Case summary of Oyewunmi V Ogunesan

Case summary of Oyewunmi V Ogunesan

The custom according to the trial court did not pass the acceptability test in the said community. The alleged custom was not known to the history of Ogbomosho. It was based on these facts that the trial court based its finding, holding in favour of the plaintiff that the defendants holds no valid title to the land in dispute and as such, could not have possibly made a valid transfer of same to the 1st defendant. The trial court noted the Nemo dat quod non habeat rule; once cannot give what he does not have. The above ruling found the counterclaim of the 2nd defendant incompetent.

On the plaintiff’s claim, the trial court held that the plaintiff successfully established a better title to the land in dispute. The plaintiff’s evidence of long possession and valid acquisition of the land under the native law was satisfactory.  On the side of the defendants, the court noted that custom when not judicially recognized must be proved as fact as provided in the Evidence Act. The defendants failed to prove the existence of the alleged custom.

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They relied on Ajao’s case which was not in pari materia with the issue in the instant case. The witness called by the 2nd defendant gave evidence to the contrary of the alleged existing custom, and the 2nd defendant could not bring the chiefs of the village to prove the existence of the alleged custom. The plaintiff adduced oral and documentary evidence showing that people of the village has been selling lands, thereby discrediting the defendants’ position of the existence of the alleged custom. The trial court holding the favour of the plaintiff awarded damages for trespass against the defendants together with a perpetual injunction restraining the defendants from further interference with the land.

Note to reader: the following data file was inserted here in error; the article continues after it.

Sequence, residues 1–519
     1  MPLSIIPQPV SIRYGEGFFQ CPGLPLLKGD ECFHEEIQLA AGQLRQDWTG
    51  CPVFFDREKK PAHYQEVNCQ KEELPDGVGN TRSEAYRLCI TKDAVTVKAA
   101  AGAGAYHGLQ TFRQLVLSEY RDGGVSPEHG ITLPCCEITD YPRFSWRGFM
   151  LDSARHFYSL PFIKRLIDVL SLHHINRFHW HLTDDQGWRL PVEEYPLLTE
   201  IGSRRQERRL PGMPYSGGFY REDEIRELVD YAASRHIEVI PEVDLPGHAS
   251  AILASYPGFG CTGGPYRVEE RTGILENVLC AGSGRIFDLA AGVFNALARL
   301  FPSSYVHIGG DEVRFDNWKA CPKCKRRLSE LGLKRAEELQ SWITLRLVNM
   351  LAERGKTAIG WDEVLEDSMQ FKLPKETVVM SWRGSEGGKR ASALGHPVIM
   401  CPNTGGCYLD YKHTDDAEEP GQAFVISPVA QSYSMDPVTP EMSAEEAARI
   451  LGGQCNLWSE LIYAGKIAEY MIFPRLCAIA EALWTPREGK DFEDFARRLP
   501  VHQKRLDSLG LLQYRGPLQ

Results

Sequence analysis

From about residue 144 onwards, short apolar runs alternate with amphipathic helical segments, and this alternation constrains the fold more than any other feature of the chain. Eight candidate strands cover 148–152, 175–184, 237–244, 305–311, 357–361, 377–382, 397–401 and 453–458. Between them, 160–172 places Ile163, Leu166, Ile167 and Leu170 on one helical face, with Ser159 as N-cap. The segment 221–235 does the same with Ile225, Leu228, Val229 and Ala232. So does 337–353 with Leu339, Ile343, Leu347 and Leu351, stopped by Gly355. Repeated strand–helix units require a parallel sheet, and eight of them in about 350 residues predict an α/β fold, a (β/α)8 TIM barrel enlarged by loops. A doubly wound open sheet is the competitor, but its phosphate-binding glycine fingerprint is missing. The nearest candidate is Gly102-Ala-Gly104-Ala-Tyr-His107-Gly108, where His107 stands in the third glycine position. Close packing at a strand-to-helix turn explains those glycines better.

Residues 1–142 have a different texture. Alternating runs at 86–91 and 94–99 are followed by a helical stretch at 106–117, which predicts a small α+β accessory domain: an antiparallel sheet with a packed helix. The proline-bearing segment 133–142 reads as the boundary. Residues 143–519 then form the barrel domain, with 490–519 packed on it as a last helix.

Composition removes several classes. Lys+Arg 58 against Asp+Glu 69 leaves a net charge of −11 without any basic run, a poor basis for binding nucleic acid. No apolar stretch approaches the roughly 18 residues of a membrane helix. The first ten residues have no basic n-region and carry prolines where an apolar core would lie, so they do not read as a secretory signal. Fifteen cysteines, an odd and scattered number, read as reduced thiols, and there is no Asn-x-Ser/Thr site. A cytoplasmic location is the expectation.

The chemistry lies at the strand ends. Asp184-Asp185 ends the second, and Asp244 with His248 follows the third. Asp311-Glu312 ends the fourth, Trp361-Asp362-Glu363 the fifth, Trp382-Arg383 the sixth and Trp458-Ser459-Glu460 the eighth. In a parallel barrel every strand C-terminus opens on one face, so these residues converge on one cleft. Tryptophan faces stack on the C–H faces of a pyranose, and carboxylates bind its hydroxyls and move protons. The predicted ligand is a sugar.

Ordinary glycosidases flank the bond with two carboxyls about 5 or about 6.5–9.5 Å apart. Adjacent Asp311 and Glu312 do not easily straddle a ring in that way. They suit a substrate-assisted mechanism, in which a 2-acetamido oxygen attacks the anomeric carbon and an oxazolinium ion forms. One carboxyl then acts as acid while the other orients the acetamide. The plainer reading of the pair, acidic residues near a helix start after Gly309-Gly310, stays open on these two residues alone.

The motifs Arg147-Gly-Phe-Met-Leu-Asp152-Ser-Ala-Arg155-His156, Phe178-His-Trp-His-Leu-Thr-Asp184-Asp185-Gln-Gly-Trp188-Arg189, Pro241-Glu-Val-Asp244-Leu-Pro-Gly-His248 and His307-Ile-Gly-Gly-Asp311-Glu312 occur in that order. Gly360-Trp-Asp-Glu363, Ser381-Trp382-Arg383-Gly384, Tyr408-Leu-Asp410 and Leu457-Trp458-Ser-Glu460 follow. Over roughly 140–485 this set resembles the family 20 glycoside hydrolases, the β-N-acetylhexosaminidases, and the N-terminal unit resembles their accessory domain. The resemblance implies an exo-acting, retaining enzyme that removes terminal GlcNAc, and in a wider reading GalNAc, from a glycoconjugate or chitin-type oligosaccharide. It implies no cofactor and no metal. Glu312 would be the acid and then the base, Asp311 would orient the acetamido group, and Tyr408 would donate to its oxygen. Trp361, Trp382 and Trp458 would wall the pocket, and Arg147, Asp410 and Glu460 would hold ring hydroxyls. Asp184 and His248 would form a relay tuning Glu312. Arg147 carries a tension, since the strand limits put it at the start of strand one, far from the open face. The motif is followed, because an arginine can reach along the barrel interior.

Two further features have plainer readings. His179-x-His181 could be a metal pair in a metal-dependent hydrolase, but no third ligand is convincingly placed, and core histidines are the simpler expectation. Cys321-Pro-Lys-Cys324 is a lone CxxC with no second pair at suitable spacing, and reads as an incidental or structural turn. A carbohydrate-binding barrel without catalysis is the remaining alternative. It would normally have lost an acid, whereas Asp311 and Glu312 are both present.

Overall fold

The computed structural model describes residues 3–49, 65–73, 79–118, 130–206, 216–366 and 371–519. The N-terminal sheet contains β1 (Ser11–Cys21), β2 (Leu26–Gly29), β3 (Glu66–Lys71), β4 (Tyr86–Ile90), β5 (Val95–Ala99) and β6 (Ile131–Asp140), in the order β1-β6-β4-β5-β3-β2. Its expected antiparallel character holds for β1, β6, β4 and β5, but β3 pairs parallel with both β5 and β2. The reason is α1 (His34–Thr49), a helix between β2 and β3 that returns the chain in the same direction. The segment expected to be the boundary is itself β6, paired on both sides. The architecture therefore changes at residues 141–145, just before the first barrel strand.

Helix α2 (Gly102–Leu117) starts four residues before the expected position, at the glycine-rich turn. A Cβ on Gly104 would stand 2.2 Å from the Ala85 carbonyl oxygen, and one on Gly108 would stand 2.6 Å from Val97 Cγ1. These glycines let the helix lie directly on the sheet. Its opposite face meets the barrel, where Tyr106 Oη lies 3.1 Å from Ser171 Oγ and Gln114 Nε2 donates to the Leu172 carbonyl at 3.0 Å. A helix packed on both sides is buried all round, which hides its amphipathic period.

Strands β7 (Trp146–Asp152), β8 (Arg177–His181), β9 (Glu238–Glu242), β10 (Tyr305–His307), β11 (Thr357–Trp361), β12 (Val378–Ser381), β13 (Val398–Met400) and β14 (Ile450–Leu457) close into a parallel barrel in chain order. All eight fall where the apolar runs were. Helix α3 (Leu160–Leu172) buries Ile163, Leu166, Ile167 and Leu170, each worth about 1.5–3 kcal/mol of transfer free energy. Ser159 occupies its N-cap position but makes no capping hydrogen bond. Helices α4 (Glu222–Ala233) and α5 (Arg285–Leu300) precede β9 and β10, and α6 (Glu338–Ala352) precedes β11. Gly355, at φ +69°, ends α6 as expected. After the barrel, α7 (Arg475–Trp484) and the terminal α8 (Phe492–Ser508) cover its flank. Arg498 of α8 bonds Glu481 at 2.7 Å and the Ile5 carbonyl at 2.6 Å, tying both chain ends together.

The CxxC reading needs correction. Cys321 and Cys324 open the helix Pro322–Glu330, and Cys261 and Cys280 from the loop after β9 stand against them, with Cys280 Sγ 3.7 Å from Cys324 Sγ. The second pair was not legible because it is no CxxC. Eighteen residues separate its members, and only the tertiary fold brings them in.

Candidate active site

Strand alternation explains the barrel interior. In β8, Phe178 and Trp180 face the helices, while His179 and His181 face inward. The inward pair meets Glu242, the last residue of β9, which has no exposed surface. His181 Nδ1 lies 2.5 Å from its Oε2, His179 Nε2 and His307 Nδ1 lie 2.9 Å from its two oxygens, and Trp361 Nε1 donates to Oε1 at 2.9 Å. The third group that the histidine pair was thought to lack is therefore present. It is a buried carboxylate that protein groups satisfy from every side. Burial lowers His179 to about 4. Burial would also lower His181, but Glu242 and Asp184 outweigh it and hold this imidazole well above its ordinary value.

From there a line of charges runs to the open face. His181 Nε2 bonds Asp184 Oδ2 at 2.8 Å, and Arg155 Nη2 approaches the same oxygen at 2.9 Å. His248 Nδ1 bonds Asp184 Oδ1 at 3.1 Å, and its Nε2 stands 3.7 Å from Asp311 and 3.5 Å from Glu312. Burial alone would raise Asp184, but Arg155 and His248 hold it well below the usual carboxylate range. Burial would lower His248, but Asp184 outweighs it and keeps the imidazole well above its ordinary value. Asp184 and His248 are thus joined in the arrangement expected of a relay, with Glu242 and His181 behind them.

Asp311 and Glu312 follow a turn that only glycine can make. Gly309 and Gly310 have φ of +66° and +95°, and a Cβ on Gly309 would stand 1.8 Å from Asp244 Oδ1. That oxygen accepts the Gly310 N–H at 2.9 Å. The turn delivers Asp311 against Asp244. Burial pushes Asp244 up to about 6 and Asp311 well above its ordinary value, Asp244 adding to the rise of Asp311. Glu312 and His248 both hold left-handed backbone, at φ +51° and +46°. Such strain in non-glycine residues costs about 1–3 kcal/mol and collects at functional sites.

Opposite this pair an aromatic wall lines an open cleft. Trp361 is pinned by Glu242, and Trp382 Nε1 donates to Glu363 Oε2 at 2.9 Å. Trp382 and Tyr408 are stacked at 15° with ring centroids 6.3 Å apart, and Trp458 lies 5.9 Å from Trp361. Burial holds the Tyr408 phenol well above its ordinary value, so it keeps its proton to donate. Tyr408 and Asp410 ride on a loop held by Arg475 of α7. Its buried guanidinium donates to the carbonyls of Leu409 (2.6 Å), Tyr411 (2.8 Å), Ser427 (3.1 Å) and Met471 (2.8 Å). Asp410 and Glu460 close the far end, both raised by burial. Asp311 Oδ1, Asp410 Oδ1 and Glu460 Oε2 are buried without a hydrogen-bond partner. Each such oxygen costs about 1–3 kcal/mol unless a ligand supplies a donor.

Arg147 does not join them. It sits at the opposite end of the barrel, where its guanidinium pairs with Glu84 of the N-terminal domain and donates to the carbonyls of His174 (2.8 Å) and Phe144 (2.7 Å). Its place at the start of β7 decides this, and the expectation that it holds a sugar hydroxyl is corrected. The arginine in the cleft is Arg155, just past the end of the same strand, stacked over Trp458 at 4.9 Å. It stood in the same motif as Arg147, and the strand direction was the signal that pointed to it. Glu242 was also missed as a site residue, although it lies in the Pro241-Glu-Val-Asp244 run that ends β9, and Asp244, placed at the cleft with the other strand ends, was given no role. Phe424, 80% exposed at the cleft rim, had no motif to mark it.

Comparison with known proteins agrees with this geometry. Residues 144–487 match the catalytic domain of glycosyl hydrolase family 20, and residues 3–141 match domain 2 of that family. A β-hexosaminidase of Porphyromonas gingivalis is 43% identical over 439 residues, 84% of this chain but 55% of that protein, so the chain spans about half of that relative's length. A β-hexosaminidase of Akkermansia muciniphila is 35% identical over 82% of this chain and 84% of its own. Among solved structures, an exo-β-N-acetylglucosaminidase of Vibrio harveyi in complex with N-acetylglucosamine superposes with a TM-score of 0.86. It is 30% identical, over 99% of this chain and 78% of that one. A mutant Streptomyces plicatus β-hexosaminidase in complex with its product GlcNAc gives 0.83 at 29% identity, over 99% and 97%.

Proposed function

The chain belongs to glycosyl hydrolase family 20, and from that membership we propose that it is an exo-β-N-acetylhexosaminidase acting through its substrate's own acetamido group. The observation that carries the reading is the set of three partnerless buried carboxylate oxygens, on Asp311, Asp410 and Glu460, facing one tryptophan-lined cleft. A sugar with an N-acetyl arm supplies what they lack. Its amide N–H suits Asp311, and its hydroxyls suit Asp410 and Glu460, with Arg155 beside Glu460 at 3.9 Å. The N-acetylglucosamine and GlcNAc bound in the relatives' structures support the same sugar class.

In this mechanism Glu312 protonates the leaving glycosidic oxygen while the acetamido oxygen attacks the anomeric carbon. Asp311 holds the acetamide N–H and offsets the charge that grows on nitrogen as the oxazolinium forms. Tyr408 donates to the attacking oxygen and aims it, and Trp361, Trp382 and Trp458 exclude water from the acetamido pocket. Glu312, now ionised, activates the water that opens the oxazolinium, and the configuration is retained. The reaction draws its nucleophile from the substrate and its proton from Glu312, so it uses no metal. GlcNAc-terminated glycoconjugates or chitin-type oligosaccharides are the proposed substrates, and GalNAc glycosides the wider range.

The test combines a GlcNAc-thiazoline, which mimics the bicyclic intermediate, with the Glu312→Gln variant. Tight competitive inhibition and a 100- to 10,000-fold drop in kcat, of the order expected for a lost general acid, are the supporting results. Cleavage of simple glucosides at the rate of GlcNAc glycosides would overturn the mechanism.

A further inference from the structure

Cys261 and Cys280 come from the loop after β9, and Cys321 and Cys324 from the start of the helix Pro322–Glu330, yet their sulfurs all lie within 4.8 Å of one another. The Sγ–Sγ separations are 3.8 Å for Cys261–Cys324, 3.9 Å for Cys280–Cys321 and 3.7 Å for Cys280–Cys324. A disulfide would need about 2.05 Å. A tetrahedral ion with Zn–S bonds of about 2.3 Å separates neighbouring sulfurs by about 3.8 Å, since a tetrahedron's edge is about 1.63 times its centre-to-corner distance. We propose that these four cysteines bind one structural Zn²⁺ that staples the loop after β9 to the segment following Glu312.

Being dissatisfied, the defendants lodged an appeal to the Court of Appeal. The Court of Appeal unanimously dismissed the appeal, upheld the decision of the trial court, and awarded consequential cost against the defendants/appellants. The defendants/appellants being dissatisfied went a step further to the Supreme Court.

The Supreme Court upholding the decisions of the courts below held that the grantor though which the plaintiff obtained his title to the land had validly alienated the land which he had a valid title in respect of. The Supreme Court reviewed the oral and documentary evidence proffered at the trial court and upheld the discountenance that the Shoun of Ogbomosho has all the lands in the community vested in him, and that he alone can validly alienate same.

On the issue of judicial notice of custom, the Supreme Court desisted from emphasizing on it as it bears less significance. Recall that the defendants relied on the case of Ajao V Ikolaba to contend that the custom in issue has been judicially recognized. There was however a distinguishing factor between the case and the instant one.

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In Ajao’s case as was relied one, there was no contention as to the ownership of land by the Shoun, therefore the issue of Ogbomosho customary law was not in question for determination, rather what was in question was whether the agent of the then Shoun of Ogbomosho can claim a land given by his ancestors to the defendant’s ancestors.

On the issue of acts of possession, the Supreme Court also upheld the decision of the lower courts in favour of the plaintiff. The trial court was justified in relying on the acts of ownership to arrive at its decision. The appeal was wholly dismissed with cost.